One way or another our Stratocuiser flights were at the end of an Era as I have read that BOAC had phased them all out by 1959.

4th Dec 2008, 11:14
A fascinating thread. Rather off-thread but here goes:

WHBM: Any chance of posting a BOAC summer 1958 timetable as you did for the Oct. 1962 timetable? We lived in Sudan in 1958-61 and a good night out in those days was to have dinner on the roof terrace at Khartoum airport. I recall BOAC Britannias and Comet 4's, SAA DC7B's, Alitalia and KLM DC6B's, Air Liban and Ethiopian DC6B's, plus many others. I recall the first BOAC Comet 4 arriving on the inaugural London-Jo'burg run, some time in 1959 I think. The clientele in the roof top restaurant stood up and clapped as it landed. KRT was quite an interesting airport in those days as virtually every Europe-East and South Africa flight seemed to stop there.

We flew from KRT to Cairo via with refuelling stop at Port Sudan on a Sudan Airways DC3 on one occasion, and yours truly (aged 9) was invited to sit in the right hand seat and make a few gentle turns! My first flying lesson! No-one I told thought much of it at the time.

We also flew KRT-Wadi Halfa-Benghazi-Rome-Gatwick in a Transair Viscount 800 in May 1959. The tarmac was melting at Benghazi, with the result that the pax trod sticky tarmac all over the new carpet, much to the disgust of the hostie. Gatwick was very new, and I believe we were one of the first aircraft to use the new terminal. While refuelling at Rome, the inaugural commercial Caravelle flight passed through, Air France, routing Paris-Rome-Athens-Istanbul.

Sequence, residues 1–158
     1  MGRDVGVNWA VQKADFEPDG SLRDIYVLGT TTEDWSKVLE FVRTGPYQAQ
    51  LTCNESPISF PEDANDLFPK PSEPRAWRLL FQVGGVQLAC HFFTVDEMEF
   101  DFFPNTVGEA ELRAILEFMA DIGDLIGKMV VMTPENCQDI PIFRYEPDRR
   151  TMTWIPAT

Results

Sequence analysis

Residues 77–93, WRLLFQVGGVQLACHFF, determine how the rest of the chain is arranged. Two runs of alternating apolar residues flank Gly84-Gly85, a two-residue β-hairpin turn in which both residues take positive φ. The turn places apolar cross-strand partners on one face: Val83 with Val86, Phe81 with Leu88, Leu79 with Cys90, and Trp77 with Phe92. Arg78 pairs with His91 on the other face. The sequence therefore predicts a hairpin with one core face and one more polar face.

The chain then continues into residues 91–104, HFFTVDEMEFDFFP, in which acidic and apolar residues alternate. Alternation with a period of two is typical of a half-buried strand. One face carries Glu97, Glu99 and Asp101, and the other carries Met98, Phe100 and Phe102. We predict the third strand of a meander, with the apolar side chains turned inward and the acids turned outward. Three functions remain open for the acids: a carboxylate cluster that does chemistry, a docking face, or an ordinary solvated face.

Maybe I should start a Khartoum 1950's thread with this posting?

Hussar 54
4th Dec 2008, 12:12
And another little bit off from the orginal thread....

I remember one time I was in JNB in the 70's ( or might have been the 60's or even the 80's - too many miles on the clock ) and I saw a VC10 operating from JNB to TYO or might have been HKG....

Was this a scheduled service ?

If so, what about Traffic Rights ? And Crew Deployment ? And where was the refuelling stop ?

4th Dec 2008, 14:46
I used to operate various parts of this flight in the late 80s on a 741. At the time is was the longest air route in the world routing LHR-ANC-TYO-HKG-CMB-SEZ (or was it MRU?)-JNB and v.v. As there were other services to all the various stops the crews did only part of the trip. I remember doing the NRT-HKG bit and HKG-CMB and vv. I also remember operating CMB-SEZ?-JNB and then returning via NBO to LHR. By the time I did it there were only 2 services a week and it stopped soon afterwards.

There were full traffic rights on all sectors (except, I guess, for the tech stop in ANC).

4th Dec 2008, 15:48
These services operated for quite a while,something like 1975-84,with a mixture of VC10/707/747.I doubt if many in this country knew they existed.

In 1983 it was a 747 JNB/SEZ/CMB/HKG/OSA/NRT/ANC/LHR.
I flew on the HKG/LHR portion that year and remember a very long flight.We sat in ANC for 3 hours as a favourable wind would have put us in LHR in the middle of the night.

pax britanica
4th Dec 2008, 17:30
Back in the 707 VC10 days I belie this was quite a complex exercise to get the plane and crews in the right place at the right time. I believe but am not certain that on the VC 10 it was a LHR-HKG aircraft that went on from HK to Japan and then flew back down the rout e described to Jo Burg and back to HK where it was inserted back into the LHR -HK schedule. As someone mentioned I think it only operated two days per week and the crews slipped in Sez on the southern leg and then operated a SEZ-JNG and return had another layover and then returned to HK. HK-Japan was another there and back shuttle.